Launch of Indian GISAT-1
Launch of Indian GISAT-1

| Editorial Staff | Source : Air&Cosmos 337 mots

Launch of Indian GISAT-1

The Indian hyper and multi-spectral earth observation satellite, equipped with a SWIR sensor, was put into orbit with a 4-year delay.

Boundary Observations

On March 28, 2021, subject to favorable weather conditions, India will launch its Geo Imaging SATelitte (GISAT-1) satellite from the Sriharikota spaceport. It will be launched by the GSLV F-10 Mk2 (GeoStationary Launch Vehicle) into geostationary orbit 36,000 kilometers from the Earth's equator. The organization in charge of the launch, ISRO (Indian Space Research Organisation) had to postpone the first launch planned in March 2020 for technical reasons. This launch follows Amazonia-1, launched for Brazil on February 28.



GISAT-1 is an earth observation satellite, which benefits from a 700 mm Ritchey telescope derived from the Indian Cartosat mapping satellite. Its missions will be the continuous observation of the Indian subcontinent and the prevention of risks and natural disasters. It will carry a hyper and multispectral (visible, infrared and thermal) payload with a resolution ranging from 50 m to 1.5 km. It will provide in real time the required images, every 5 minutes for a photo of the subcontinent and every 30 minutes for an image of 50 m resolution. With a life span of 7 years and a weight of 2268 kilos, it will be completed by the GISAT-2 whose launch date has not been revealed.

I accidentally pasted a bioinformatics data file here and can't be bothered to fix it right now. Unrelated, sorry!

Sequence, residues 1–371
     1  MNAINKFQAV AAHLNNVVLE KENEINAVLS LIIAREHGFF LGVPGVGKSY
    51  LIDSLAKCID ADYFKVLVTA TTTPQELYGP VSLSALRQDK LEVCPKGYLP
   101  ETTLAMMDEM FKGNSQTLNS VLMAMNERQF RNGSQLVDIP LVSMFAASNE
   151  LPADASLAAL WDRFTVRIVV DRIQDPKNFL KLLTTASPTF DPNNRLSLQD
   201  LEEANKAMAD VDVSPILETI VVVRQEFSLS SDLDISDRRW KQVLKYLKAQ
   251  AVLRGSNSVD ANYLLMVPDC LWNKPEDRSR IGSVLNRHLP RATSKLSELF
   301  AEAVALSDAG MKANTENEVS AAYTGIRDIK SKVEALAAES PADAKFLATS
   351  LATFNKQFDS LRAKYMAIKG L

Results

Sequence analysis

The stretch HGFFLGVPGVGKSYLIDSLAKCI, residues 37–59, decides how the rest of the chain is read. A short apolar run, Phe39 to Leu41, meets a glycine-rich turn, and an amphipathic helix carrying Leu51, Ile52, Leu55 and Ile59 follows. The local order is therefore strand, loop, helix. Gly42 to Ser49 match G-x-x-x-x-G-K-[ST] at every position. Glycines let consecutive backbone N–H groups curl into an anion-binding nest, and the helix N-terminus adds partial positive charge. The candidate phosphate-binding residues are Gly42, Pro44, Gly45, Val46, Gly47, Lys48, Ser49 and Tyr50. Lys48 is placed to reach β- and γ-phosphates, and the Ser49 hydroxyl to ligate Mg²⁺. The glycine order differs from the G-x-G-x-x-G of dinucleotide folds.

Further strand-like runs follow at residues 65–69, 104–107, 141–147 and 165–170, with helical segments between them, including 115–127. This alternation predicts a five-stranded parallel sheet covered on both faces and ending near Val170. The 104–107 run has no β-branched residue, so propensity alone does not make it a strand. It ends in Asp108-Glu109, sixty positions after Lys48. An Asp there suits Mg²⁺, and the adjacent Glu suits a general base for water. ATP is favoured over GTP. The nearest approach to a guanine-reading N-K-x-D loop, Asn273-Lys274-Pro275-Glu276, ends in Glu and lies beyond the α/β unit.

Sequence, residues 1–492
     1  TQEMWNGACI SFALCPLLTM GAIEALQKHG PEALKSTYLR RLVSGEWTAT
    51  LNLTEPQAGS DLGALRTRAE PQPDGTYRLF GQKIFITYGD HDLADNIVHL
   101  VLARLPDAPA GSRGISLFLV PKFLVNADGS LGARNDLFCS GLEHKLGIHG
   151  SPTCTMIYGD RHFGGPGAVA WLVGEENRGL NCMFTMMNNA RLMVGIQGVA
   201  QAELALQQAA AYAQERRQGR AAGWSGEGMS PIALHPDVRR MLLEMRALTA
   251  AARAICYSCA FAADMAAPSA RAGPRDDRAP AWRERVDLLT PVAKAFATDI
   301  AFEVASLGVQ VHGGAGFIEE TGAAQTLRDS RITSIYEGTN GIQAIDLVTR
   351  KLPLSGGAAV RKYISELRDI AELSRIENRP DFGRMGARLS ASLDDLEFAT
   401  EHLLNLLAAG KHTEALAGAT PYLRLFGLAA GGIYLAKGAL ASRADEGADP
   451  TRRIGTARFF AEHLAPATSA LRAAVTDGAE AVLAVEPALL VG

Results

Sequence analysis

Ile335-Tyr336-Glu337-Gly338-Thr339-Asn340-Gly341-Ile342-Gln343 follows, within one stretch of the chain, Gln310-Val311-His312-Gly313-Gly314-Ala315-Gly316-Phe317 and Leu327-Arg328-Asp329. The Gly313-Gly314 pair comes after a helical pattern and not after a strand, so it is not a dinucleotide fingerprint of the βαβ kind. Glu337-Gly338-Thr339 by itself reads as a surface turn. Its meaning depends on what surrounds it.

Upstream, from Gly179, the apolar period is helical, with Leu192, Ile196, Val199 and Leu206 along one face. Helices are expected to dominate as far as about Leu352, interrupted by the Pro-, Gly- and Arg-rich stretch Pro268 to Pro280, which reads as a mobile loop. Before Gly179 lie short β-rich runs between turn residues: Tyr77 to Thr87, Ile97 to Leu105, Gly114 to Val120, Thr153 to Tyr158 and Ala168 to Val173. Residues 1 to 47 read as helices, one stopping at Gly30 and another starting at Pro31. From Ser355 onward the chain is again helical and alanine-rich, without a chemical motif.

The launcher of GISAT-1, the GSLV Mk 2 (GeoStaonary Lauch Vehicle) allows the carrying of a payload of 2500 kilos in GTO (Geostationary Transfer Orbit) and 5000 kilos in LEO (Low Earth Orbit). With a length of 49.3 meters for a maximum weight at takeoff of 414 tons, it has 4 stages. The 3rd stage of the Mk2 version uses the Indian engine CE 7.5 instead of the KVD-1 M of the Mk 1 version. India is also pursuing the development of the SSLV (Small Satellite Launch Vehicle) whose first launch is scheduled for 2022. With a length of 34 meters and weight of 116 tons, it will carry 500 kilos in LEO and 300 kilos in SSO (Sun-Synchronous Orbit). Assembled in less than 72 hours, it will offer a competitive launch cost.



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